Arbitrary Stupid Goal: a memoir of growing up under the tables of the best restaurant in New York

To call Shopsin's "a Greenwich Village institution" was to understate something profound and important and weird and funny: Shopsin's (first a grocery store, later a restaurant) was a kind of secret reservoir of the odd and wonderful and informal world that New York City once represented, in the pre-Trumpian days of Sesame Street and Times Square sleaze: Tamara Shopsin grew up in Shopsin's, and Arbitrary Stupid Goal is her new, "no-muss memoir," is at once charming and sorrowing, a magnificent time-capsule containing the soul of a drowned city.

Floppy ROM: distributing software on flexidiscs

On Modern Mechanix, Charlie's posted a wonderful article about the Floppy ROM, an exotic dead medium that encoded software onto flexidiscs that you played into your computer. The Floppy ROM distributed with Interface Age in 1977 held up to 80 pages' worth of code (this was from the days when programs were distributed as text printed in magazines, for hobbyists to retype into their computers) and plugged into a 187-character-per-second interface intended for cassette-players. — Read the rest


I love how anachronistic this ad for earning big bucks by learning steno is — among the obsolete elements contained in it are dictation, shorthand, shorthand gadgets. It's true that continuous speech recognition, autocomplete and pocket recording devices are their descendants, but they're none of them "exciting careers." — Read the rest

Working machine gun for kids!

From the Dec 1941 ish of Mechanix Illustrated, a jim-dandy shop project to make Junior his own dowel-firing machine-gun!

ANY small boy will want, and be delighted with this toy submachine gun, which holds fifteen shots in the magazine and fires them continuously, until empty, as the "tromboning" action is worked.

Read the rest

HOWTO get rich from carny rides, 1945

In this 1945 Mechanix Illustrated article, Harold S. Kahm sets out the facts for any would-be ride-designers looking to hit the jackpot with a new high-speed thrill. Starting with the origin story of the bumper car (a WWI munitions plant worker built a miniature truck for hauling parts, the plant workers went crazy riding it, so he covered it with bumpers and turned it into a carny ride), he moves onto the holy grail of 1945 amusement parks: a portable ride. — Read the rest

HOWTO make a 4,000-volt infrared "snooperscope"

From the August 1951 ish of Mechanix Illustrated, a modest HOWTO describing a "Snooperscope" that requires a 4,000 to 6,000-volt power-supply to fire infrared light at and through the materials around you.

Construction of the snooperscope: The image converter tube is mounted in a plastic drinking cup 3-1/2 in.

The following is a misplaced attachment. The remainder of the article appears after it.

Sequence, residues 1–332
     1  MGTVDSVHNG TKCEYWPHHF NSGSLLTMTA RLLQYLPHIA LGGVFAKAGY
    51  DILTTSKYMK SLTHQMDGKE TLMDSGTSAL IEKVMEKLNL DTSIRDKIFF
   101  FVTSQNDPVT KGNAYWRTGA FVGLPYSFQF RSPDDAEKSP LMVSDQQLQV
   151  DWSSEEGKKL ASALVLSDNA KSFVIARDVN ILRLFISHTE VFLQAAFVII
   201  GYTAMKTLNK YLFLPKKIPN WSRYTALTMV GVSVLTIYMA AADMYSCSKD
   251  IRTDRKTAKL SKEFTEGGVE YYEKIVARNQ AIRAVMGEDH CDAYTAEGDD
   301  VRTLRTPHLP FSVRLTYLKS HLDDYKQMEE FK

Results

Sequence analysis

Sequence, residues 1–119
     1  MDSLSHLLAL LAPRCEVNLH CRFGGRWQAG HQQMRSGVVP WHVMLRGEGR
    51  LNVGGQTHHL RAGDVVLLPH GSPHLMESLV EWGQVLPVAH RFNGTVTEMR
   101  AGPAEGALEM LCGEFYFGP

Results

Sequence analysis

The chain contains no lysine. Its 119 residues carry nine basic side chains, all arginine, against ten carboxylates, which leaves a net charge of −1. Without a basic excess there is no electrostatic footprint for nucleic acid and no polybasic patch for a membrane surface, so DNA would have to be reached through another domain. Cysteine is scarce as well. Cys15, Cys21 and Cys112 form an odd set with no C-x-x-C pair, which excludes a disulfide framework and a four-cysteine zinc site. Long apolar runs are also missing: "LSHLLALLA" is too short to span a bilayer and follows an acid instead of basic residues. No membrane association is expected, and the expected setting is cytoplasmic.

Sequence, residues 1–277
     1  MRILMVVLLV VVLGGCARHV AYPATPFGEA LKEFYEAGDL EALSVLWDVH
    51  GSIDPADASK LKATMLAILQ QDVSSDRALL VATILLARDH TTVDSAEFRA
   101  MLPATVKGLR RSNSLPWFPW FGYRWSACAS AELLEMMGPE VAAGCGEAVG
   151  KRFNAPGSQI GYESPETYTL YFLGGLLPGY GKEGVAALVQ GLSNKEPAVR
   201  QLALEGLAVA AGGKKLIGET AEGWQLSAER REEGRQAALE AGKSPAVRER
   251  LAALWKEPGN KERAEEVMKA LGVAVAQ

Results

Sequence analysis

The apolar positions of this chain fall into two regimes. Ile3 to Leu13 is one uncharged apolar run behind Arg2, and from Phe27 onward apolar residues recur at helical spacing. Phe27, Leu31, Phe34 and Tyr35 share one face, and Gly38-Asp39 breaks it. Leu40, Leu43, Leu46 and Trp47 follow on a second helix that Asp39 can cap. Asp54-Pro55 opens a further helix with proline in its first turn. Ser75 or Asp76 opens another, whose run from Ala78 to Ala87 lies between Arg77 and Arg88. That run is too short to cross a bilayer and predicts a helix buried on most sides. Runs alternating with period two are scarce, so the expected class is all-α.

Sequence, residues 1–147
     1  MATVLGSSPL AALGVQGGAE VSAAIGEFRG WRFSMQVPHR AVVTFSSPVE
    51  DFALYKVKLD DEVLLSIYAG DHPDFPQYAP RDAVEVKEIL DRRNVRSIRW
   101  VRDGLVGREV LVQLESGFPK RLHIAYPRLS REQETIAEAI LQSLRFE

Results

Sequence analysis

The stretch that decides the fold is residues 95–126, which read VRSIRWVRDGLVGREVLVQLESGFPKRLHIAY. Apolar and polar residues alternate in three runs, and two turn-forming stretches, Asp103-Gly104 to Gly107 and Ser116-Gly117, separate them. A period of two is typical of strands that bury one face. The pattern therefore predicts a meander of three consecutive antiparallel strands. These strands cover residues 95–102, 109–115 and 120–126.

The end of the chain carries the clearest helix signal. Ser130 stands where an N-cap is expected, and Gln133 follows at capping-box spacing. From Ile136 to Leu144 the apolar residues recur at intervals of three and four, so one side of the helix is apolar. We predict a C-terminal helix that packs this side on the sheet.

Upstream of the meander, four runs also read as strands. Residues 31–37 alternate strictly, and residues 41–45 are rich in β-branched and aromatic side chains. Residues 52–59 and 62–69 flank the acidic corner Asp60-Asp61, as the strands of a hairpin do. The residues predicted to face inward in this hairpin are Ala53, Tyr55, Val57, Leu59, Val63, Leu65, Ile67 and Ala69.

Read the rest

Proto-maker spaces: the "New Inventors Club"

In the Nov, 1950 issue of Mechanix Illustrated, a piece about an early iteration of the hackspace: the "New Inventors Club" where a technician would help you modify your project designs so that you could get something that worked and try to sell it without having to pay big bucks to scumbag "promoters" who'd string you along with pretty lies. — Read the rest

Apparatus to focus human body heat for the purposes of cooking potatoes, 1930

I wonder if the "scientists" in this Feb, 1930 Modern Mechanix article ever actually built the potato-cooking apparatus shown here, or whether it was purely for illustration purposes.

SCIENTISTS have learned that our bodies are living machines of the combustion type in which the burning of fuel (food) is accompanied by the consumption of oxygen, liberation of heat energy and production of carbon dioxide as is the case in all combustion engines.

Read the rest

Giant plastic log cabin ad, 1960

I imagine these things must have been incredibly flimsy, but the ad design itself was rock solid — looking at this thing for five minutes this morning had me trying to figure out where I could install a log cabin in our flat. — Read the rest

Multitool cigarette case, 1933

Ah, the good old days, when it was de rigeur to stick a knife-blade onto every single object one carried, back before the era of aviation confiscation totum:

Eight distinct purposes are served by the versatile pocket case, illustrated above. A cigarette compartment occupies the center, supplemented by a concealed writing tablet, a telescoping pencil, and a stamp container.

Read the rest

Pop-up, flat-pack camping house for transport on your car's roof

From the Nov, 1938 issue to Mechanix Illustrated, a sweet little pop-up camping "house" that folded down flat and could be strapped to the roof of your hupmobile, tin lizzie any other jalopy you find yourself piloting.

FEATURING six windows fitted with slid-glass and permanent screens, a newly developed prefabricated collapsible house which can be carried on the roof of an ordinary passenger auto enables sportsmen, fishermen and others who like the outdoors to enjoy short or prolonged trips in perfect comfort.

Read the rest